In State ex rel. Nissin Brake Ohio, Inc. v. Industrial Commission of Ohio (2010) 127 Ohio St.3d 385, the Supreme Court of Ohio upheld the Industrial Commission of Ohio’s determination that an injured worker’s allowed physical conditions alone rendered her permanently and totally disabled. The court reiterated that in instances where the evidence establishes that the allowed medical conditions, standing alone, prevent all employment, consideration of the claimant’s age, education, work experience, psychological and other non-medical factors (“Stephenson factors”) is unnecessary. In deciding this case the court relied heavily on the Commission’s substantial prerogative to draw inferences from the evidence.
Carolyn Stevens was injured in 1998 and her claim included several significant low back conditions. In 2006, however, Stevens began to experience shortness of breath and bilateral lower extremity edema that were unrelated to her industrial injury. In filing her application for permanent total disability Ms. Stevens relied upon the report of her physician of record who found that the allowed conditions prohibited Ms. Stevens from bending, squatting, twisting and repetitive or heavy lifting. The physician of record went on to comment that occasional lifting would be permitted provided that it did not exceed 10 pounds and that Ms. Stevens would need to be permitted to sit and stand as needed. Ultimately, the physician of record concluded that Ms. Stevens was capable of only sedentary or less than sedentary duties. In reaching this conclusion the physician of record noted that the symptoms of the allowed condition had fluctuated recently and were certainly influenced by comorbid medical conditions.
After filing the application for permanent total disability a functional capacity evaluation was conducted and Ms. Stevens was deemed to be able to work at the sedentary physical demand level for activity above the waist and less than sedentary physical demand level for activity below the waist. Thereafter, Ms. Stevens was referred to BVR but her program was placed in an interrupted status after she reported ongoing medical problems that prevented her from obtaining employment. Ms. Stevens did not dispute that the decline in her overall health and additional medical problems referred to in the BVR interruption report were the non-allowed shortness of breath and bilateral lower extremity edema.
In awarding permanent total disability the Commission made a finding that the functional restrictions outlined by the physician of record, standing alone, rendered Ms. Stevens permanently and totally impaired and thus eliminated any need for consideration of the Stephenson factors. This was so despite the fact that the physician of record outlined functional restrictions that would have permitted Ms. Stevens to return to work, had commented that her non-allowed medical conditions were compromising her residual functional capacity, and the BVR report confirmed an inability to complete rehabilitation because of those non-allowed conditions.
The employer challenged the award of permanent total disability by citing to State ex rel. Waddle v. Industrial Commission (1993), 67 Ohio St.3d 452 and Stephenson. Specifically, the employer argued that Ms. Stevens’ non-allowed medical conditions contributed to her disability because they prevented her from completing a BVR program intended to enhance her employability. Under Waddle, the employer advanced that the inability to work was due to both allowed and non-allowed conditions acting in tandem and the award was thus inappropriate as the inability to work was caused in whole or in part by medical conditions that were unrelated to the industrial claim.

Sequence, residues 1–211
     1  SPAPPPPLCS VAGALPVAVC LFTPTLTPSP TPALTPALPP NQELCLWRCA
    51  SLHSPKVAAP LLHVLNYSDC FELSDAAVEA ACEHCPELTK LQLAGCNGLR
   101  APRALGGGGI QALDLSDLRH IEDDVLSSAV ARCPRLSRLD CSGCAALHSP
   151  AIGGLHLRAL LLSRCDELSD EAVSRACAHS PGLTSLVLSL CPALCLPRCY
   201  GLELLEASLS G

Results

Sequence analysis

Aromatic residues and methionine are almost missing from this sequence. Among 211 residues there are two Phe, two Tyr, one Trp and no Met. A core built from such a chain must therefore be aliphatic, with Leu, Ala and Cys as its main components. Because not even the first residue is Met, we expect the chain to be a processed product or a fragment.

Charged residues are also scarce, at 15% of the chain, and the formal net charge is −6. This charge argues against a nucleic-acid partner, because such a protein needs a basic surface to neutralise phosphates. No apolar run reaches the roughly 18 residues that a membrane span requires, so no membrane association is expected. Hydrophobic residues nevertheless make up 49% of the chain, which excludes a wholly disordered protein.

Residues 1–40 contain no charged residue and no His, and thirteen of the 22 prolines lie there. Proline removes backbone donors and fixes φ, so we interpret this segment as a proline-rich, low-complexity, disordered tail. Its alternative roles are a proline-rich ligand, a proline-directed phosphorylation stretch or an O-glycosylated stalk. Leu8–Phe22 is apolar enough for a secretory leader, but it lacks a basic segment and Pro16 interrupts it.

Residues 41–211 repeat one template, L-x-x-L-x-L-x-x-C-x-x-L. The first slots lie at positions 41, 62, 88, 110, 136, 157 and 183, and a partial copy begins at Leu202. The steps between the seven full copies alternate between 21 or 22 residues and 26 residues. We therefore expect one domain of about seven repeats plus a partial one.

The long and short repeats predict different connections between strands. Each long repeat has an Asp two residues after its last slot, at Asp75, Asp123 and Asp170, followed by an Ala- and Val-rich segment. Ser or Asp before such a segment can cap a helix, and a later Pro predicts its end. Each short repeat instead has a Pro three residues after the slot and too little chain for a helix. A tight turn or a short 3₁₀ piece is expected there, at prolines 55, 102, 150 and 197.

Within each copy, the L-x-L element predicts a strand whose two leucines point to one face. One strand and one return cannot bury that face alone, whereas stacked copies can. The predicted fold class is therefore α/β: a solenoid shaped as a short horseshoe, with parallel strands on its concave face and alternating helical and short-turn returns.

In citing to the Commission’s status as an expert on the issue of permanent total disability, and their exclusive role for evaluating the evidentiary weight and credibility of medical evidence, the court found that it was proper for the Commission to infer from the timing of the onset of the non-allowed conditions that the inability to work before the development of those non-allowed conditions supported the Commission’s conclusion that an award of permanent total disability was appropriate.
This case makes it clear that medical evidence addressing permanent total disability need be explicit and unequivocal on the injured worker’s residual functional capacity to work. Moreover, this case illustrates how it is important to develop the underlying medical history when non-occupational conditions are at work. Had the evidence been developed that Ms. Stevens’ allowed conditions permitted some form of work activity before the onset of her non-occupational problems then the Commission would not have needed to draw an inference from the evidence and the result of this case surely would have been different. When the evidence in this case is looked at objectively it seems fairly clear that if the non-occupational conditions were removed from the equation that this woman had the capacity to work and would have been able to complete the BVR program. Because there was no information or evidence to support such a position the Commission was left in the position to draw the inference that they did and the instant result followed.
Defending against permanent total disability is one of the largest exposures an employer will face. Knowing what evidence to produce and where to acquire it will be important for any organization’s success. Should you desire to learn more about this case or to find out how Reminger can help you, please feel free to contact any of our attorneys in the Workers’ Compensation Practice Group.